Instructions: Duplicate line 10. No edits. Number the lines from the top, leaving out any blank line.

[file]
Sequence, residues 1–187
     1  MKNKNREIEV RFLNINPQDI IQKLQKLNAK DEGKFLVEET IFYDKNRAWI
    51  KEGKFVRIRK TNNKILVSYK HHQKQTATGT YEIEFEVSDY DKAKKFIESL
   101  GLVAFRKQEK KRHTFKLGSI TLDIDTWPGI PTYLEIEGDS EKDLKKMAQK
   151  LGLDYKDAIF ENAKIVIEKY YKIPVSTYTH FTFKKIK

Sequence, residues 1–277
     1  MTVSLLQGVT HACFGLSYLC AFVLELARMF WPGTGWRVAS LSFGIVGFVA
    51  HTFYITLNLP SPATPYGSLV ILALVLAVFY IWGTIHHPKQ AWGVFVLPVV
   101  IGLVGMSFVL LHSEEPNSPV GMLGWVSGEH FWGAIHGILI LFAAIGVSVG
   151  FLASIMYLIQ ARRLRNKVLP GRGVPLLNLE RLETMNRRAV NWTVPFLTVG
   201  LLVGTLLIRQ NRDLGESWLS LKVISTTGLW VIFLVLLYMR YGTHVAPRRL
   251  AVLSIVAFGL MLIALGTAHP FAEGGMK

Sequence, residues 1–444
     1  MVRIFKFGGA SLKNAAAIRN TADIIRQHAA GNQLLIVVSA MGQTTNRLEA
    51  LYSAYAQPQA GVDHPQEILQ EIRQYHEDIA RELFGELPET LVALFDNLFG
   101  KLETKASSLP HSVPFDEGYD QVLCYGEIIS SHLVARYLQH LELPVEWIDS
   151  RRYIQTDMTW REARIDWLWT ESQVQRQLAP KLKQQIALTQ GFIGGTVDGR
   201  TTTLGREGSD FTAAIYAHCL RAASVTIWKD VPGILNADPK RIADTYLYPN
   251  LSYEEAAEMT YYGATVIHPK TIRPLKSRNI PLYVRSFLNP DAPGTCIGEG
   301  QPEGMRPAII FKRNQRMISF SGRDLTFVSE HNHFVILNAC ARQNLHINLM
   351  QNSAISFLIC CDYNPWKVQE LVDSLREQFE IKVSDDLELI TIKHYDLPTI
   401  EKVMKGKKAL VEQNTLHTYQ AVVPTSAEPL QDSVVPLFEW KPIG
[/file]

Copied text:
   151  FLASIMYLIQ ARRLRNKVLP GRGVPLLNLE RLETMNRRAV NWTVPFLTVG